On a day with intense heat, you might be looking for a fun and relaxing way to cool down. Going in for a swim in your pool is a great option to cool yourself. You can even swim in it if you feel like some exercise. However, it would help if you didn’t judge a book by its cover, as the beautiful blue water may contain dangers you are unaware of, some so dangerous that you might even need to call emergency services.
Hence, before you decide to dive in with your swimming suit and pool float, you must review the pool for any safety hazards. Don’t know what to look for? Well, you’ve come to the right place! In this article, learn seven signs your pool isn’t safe for swimming.
Signs Your Pool Isn’t Safe For Swimming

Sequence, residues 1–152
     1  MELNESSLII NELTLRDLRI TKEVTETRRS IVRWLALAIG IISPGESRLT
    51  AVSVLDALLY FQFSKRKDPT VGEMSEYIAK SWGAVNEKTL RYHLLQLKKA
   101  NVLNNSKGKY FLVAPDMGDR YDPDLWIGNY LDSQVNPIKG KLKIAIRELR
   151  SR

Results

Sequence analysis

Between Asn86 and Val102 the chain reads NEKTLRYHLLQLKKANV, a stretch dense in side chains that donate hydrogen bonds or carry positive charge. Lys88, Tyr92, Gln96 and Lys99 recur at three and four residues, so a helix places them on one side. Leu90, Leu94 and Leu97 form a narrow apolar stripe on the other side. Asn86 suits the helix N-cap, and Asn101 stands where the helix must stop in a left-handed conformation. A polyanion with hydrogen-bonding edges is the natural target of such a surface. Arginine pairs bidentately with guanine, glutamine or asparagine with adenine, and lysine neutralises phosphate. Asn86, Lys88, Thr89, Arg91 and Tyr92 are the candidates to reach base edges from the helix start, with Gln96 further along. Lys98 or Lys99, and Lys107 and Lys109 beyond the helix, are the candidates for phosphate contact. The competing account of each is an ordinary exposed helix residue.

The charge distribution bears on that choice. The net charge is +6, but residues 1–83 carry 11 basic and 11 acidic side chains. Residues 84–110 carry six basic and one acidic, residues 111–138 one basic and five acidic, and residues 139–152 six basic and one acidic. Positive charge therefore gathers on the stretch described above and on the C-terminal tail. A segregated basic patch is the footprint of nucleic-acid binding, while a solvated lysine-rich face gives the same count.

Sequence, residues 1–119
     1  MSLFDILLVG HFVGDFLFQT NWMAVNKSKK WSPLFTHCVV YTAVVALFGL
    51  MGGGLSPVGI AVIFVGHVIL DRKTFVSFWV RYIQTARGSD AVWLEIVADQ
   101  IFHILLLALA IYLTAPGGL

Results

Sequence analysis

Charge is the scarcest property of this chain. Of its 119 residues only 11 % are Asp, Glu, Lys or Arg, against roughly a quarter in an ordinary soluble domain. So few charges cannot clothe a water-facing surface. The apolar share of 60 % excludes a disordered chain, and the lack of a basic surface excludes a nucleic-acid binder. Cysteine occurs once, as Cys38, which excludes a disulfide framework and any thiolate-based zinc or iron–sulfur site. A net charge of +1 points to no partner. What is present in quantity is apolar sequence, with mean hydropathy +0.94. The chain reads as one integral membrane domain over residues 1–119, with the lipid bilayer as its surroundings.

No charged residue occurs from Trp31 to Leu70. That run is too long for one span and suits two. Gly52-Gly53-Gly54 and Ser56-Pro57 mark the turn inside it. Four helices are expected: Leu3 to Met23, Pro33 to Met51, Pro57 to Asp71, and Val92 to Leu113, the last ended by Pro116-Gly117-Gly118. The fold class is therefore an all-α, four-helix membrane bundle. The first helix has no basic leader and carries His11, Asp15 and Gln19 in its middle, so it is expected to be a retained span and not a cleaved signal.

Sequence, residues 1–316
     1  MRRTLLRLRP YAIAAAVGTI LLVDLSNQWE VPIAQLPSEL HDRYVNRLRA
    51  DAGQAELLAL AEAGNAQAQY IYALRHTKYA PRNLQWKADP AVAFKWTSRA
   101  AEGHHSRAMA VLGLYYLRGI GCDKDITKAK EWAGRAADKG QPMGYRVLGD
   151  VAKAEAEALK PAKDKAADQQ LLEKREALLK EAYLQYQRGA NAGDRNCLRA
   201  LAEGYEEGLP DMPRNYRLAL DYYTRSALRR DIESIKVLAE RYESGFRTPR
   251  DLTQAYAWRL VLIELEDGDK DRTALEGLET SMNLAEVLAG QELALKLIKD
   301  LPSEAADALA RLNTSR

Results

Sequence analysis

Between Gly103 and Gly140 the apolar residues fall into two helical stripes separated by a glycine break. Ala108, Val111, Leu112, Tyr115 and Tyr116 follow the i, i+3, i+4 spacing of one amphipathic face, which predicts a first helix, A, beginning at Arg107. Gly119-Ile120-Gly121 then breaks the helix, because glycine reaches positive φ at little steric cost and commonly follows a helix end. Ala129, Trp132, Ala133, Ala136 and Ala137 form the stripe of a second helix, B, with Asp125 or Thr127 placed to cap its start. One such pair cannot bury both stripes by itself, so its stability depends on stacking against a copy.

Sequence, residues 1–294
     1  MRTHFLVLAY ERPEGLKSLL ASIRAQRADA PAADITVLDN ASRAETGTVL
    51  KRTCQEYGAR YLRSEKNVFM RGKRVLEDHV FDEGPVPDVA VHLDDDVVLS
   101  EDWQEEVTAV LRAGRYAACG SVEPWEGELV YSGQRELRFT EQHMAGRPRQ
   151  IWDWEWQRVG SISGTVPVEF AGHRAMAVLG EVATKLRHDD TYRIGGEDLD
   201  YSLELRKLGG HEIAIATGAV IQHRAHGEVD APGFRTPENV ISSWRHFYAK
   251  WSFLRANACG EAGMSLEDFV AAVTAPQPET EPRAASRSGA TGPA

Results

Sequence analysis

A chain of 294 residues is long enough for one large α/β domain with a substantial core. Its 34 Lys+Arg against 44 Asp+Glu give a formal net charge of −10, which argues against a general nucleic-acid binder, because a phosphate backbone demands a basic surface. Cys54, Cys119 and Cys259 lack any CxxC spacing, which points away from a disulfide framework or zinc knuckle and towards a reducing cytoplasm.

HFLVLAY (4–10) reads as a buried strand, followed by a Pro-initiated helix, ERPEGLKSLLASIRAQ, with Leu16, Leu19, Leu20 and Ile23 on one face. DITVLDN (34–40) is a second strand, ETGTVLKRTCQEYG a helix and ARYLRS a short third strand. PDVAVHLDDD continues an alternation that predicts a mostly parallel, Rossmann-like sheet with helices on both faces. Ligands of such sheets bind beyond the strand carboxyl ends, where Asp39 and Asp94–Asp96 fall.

1. The Pool isn’t Looking Great
The first and most prominent of the signs your pool isn’t safe for swimming is if the water doesn’t look pleasant to swim in. Pools are usually outdoors, so it’s no surprise that dirt and other unwanted particles, such as dead leaves, can fly into the water, making the pool unhygienic.
If you notice that the pool has indeed seen better days, then you are better off putting your swimming session on hold until the pool has been cleaned.
This kind of debris makes it unhealthy to swim in the waters as it can cause harm your skin and cause irritation as well. Additionally, it isn’t uncommon to swallow some water while swimming around in your pool. If the water is seriously contaminated, swallowing it can also affect your well-being.
Furthermore, if the pool hasn’t been under maintenance for a while, that is another reason to look out for hidden threats. Ensure that your pool has intact drain covers, as the strong suction may cause someone to get trapped underwater. It would be best if you got your hands on the best pool-cleaning equipment to eliminate unwanted debris. Otherwise, you can call for pool cleaning services that will do an excellent job for you.
2. Lack of Professional Maintenance